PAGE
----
October 15, 2012

Marzano Design Question 3: Actively Engaging Your Students in Reviewing Content, Part 1


Kelly Harmon
Staff Developer , Learning Sciences International

Vocabulary games like Bricks and Mortar are a great way to stimulate active processing

A little active review before introducing new concepts can go a long way.

Ready to activate the dendrite highways in your learners’ brains in order to deepen understanding of content? 

Actively engaging students in the review of prior learning is a critical step in effective teaching.

Using Design Question 3 in Marzano’s The Art and Science of Teaching we begin by asking, “What will I do to help students practice and deepen their understanding of new knowledge?”

Using the strategies in this design question can guide your lesson sequence. Strategy #14 on the Marzano Learning Map focuses instruction on reviewing content. Taking just a few minutes at the beginning of class to get your students ready to proceed deeper into the content knowledge can pay big dividends.

To plan an active review, first think about these questions:

1. What previous knowledge will students need to activate in order to move to a 3 (mastery of grade level standard) on the learning scale?

2. How will I monitor the majority of the students for the desired effect of the reviewing?

3. How will I modify or adapt my reviewing strategy to meet the needs of unique students and situations?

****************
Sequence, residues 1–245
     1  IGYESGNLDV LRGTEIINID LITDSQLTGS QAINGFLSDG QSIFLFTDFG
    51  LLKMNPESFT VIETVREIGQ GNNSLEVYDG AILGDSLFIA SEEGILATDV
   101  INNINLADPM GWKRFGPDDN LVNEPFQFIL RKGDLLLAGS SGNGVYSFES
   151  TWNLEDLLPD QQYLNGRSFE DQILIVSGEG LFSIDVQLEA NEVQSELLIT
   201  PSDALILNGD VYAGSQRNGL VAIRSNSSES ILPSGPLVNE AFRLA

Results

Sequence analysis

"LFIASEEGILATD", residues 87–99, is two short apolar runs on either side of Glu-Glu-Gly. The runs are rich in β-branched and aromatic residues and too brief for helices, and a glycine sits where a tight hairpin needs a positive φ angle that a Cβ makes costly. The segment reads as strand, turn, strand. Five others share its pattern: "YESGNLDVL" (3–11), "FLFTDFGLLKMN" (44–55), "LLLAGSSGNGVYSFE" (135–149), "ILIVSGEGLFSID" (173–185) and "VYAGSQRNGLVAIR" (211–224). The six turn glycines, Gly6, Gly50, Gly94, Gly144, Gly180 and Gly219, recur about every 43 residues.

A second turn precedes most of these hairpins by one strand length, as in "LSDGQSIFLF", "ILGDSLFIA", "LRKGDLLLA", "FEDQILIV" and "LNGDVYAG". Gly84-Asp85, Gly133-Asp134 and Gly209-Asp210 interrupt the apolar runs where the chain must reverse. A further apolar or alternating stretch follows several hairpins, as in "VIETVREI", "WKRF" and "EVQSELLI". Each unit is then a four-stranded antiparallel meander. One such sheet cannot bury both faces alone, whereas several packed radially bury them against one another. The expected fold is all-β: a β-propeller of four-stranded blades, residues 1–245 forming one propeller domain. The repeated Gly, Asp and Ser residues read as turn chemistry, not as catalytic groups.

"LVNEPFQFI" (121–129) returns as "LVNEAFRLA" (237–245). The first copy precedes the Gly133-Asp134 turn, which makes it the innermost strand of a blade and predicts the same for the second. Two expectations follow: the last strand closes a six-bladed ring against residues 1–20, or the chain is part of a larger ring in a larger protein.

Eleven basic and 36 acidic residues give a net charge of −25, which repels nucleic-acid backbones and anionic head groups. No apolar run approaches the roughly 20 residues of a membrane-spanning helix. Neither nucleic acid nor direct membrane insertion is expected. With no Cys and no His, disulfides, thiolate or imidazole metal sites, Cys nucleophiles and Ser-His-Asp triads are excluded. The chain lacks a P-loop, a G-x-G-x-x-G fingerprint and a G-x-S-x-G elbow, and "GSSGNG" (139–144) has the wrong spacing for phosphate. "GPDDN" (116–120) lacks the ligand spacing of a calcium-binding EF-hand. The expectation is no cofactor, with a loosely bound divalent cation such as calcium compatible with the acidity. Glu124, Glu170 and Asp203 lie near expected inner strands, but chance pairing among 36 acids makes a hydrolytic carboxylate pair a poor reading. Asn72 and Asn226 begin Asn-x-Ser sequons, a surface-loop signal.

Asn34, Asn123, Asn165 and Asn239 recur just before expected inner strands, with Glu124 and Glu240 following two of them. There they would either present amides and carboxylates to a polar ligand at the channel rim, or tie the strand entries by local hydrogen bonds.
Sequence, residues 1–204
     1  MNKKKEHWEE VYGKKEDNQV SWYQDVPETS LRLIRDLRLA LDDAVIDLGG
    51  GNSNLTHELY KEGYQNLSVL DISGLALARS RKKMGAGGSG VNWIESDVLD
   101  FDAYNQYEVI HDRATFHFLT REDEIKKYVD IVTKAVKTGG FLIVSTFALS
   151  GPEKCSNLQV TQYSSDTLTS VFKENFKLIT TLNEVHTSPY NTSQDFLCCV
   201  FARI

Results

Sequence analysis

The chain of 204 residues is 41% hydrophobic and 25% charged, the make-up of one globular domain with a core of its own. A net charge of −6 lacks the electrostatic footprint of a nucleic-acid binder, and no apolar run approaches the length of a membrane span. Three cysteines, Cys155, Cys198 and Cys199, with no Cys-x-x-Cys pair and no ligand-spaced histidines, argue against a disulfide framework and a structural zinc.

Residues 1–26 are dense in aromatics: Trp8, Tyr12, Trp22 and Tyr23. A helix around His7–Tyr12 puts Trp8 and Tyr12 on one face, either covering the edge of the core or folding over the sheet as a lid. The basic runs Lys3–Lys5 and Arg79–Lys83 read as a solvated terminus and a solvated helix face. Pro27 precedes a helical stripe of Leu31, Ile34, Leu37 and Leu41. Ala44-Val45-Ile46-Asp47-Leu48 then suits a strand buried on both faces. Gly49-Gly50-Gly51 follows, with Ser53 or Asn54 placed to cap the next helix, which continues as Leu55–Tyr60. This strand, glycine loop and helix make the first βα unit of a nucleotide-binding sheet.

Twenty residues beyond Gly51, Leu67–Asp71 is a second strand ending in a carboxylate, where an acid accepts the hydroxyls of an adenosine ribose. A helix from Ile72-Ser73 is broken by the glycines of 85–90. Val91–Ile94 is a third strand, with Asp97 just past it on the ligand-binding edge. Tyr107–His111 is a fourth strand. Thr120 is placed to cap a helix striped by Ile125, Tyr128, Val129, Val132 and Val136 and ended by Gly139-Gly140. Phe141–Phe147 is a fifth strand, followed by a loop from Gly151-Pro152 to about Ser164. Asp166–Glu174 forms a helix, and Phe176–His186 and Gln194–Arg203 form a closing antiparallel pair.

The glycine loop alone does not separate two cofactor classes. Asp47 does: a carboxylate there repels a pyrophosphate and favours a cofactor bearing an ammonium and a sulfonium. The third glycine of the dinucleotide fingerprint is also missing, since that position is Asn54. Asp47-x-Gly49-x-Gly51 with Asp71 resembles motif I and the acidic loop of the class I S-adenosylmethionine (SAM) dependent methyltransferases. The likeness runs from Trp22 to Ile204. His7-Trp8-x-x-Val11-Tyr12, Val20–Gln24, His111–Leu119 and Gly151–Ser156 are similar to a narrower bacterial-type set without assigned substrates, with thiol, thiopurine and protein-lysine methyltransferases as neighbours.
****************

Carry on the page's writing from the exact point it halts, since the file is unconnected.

<>Here’s an idea that take about five minutes of class time and gets learners actively processing content from previous lessons.

Bricks and MortarA Critical Vocabulary Review Activity

Give students eight to twelve words from your academic word wall or word list written on index cards or post-it notes.

For two to three minutes, students work in pairs or triads to choose three words to be the “bricks” and create meaningful sentences (orally or written) that use all three words. The “mortar” is the words or phrases that help them relate or connect the “bricks.” 

Example “bricks”: protocol, elements, evidence

Example sentence using “bricks” and “mortar”: Each element has a protocol that provides examples of teacher and student evidence that can be observed.

This requires active processing because students have to fill in the gaps. After the students have created a few sentences, have the groups share out the sentences.

During the sentence creation phase, you can monitor the students for understanding of the important words and modify or adapt the strategy as needed for individual students or groups. For example, some students may need more prompting or support in order to create a meaningful sentence. 

Be sure to allow at least half of the groups to share out sentences for successful monitoring. You can use response chaining to manage response rates and ensure whole class participation in the sharing phase. As the learner or group of learners share a sentence, ask the rest of the class to evaluate the sentence.

1. Is it correct?

2. Is it partially correct? What needs to be changed or added to make the statement correct?

3. Is it incorrect? Why?

The Bricks and Mortar activity gets your students processing the meanings of the declarative knowledge they need to move on to synthesis levels of thinking and doing required in the unit goals. And best of all, it moves them towards mastery level on your learning scale. 

Tomorrow: Paired Verbal Fluency—An Oral Pair Share Activity

What games and strategies do you use to foster active reviewing? Share your expertise in the comments section below.





Great idea! I will be using this tomorrow with my kids!

By Randi on 2012 10 17

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